Art Principles In Portrait Photography

How to Apply the Highest Classic Artistic Principles to your Photography.

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photography is largely the reason for its lack of picture quality.
A foil is a difficult thing to describe for it changes its character with every picture in which it is used. When we have a heavily accented face the foil is the presence of something within easy vision of the eye, strong enough to detract attention somewhat from the face and to keep it from being vulgarly near. It gives the reserve quality that we call refinement. But the foil is not visibly present as such in all pictures. In a masterly oval picture, for instance, when the frame closely fits the figure portrayed, the very nearness of that frame creates the "consciousness beside the face" that acts as a foil. Whenever the frame is close to the figure the need for an especial foil is lessened or re moved, but the necessity for it is great where the figure is surrounded by much space. We sometimes find that it is a mere form or tint breaking the monotony of a large surface. This in itself shows how carefully weighed must be everything we introduce in a picture, for each part has more than one office to perform.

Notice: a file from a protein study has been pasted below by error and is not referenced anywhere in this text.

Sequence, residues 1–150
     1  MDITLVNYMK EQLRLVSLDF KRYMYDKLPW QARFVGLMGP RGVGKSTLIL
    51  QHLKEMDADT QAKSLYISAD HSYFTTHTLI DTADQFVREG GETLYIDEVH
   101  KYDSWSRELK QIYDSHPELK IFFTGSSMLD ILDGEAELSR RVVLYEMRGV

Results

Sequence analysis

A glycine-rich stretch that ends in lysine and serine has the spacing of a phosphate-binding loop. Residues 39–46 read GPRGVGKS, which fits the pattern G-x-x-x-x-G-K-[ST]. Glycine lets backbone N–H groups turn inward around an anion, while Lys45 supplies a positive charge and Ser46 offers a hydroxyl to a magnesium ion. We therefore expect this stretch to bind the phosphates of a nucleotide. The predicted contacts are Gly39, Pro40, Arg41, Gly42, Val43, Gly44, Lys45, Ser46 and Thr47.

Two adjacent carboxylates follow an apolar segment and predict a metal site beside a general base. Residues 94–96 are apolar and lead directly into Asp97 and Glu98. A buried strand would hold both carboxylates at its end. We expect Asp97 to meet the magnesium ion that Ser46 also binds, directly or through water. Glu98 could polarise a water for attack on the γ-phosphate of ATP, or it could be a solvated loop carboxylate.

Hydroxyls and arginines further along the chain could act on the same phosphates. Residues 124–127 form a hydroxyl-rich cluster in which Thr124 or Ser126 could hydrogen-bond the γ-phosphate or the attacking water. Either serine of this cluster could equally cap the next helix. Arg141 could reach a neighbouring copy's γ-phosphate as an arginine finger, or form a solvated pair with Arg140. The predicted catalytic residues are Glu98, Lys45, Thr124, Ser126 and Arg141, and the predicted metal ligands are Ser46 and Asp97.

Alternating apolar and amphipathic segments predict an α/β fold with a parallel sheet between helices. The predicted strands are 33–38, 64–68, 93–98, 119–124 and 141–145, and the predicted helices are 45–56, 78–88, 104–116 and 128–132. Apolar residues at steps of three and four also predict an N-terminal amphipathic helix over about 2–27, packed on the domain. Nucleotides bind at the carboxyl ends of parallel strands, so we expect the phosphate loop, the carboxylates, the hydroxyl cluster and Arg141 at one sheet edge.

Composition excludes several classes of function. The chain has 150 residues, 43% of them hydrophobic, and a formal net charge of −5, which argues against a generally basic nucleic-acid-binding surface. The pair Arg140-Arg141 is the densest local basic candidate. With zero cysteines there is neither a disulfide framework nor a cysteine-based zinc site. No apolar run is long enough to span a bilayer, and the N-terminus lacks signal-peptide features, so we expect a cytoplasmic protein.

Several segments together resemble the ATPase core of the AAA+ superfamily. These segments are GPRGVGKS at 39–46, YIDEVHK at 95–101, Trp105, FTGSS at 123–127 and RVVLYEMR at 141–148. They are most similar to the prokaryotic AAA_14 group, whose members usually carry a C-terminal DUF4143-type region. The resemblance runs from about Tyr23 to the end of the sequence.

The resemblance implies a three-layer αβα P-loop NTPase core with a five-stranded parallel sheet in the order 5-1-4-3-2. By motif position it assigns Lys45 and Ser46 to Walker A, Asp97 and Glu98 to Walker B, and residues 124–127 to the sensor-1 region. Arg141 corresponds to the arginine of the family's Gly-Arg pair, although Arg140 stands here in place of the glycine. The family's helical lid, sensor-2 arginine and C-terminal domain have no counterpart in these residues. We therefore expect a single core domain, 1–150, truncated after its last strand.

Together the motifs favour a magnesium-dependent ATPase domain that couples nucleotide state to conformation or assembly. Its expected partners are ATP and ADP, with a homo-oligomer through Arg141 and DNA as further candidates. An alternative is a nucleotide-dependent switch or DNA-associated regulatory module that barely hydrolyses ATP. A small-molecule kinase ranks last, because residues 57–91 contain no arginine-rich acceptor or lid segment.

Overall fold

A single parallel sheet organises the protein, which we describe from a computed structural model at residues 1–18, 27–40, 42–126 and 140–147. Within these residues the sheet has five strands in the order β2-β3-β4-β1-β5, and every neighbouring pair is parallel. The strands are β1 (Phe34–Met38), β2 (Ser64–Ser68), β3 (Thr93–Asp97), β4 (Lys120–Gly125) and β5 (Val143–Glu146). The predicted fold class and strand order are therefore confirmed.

. In Fig. 28 the background forms gradation of tone lightest at the shoulder, where the accent formed by the shoulder lines is the foil to the face. With the intro duction of the successful foil, we see the face less, but feel it more. To look directly at the chief interest in a picture, as in Fig. 86, without feeling any gentle alle-